Prime Minister Manmohan Singh on Sunday announced plans to set up a new scientific research institution to help develop new seeds and technology for farmers, which will be named after Nobel laureate Norman Borlaug.
The government is planning a big push to farm technology in order to ensure a 4 per cent agricultural growth in the coming years.
India hopes to carry further the late Borlaug's crusade against hunger and share the gains with its neighbours in South Asia, almost 30 years after his high-yield and disease-resistant wheat seeds helped trigger a 'green revolution' in India.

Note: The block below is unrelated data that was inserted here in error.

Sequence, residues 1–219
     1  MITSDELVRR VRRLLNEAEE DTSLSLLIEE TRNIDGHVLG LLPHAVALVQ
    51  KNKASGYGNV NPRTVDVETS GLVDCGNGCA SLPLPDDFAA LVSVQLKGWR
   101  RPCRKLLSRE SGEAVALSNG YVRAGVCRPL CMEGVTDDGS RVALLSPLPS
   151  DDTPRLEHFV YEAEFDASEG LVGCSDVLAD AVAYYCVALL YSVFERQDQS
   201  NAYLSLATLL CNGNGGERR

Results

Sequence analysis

"Our country has not witnessed any big technological breakthrough in agriculture after the green revolution. We need technology which would address the needs of dry land agriculture,' the prime minister said in his Independence Day speech.
"I am happy to announce that the Borlaug Institute of South Asia is being established in India. This institute would facilitate availability of new and improved seeds and new technology to the farmers of India and other countries of South Asia," he added.
The Nobel laureate is often called the father of India's Green Revolution of the 1970s and 1980s that used new seeds and better irrigation techniques to significantly raise India's food output.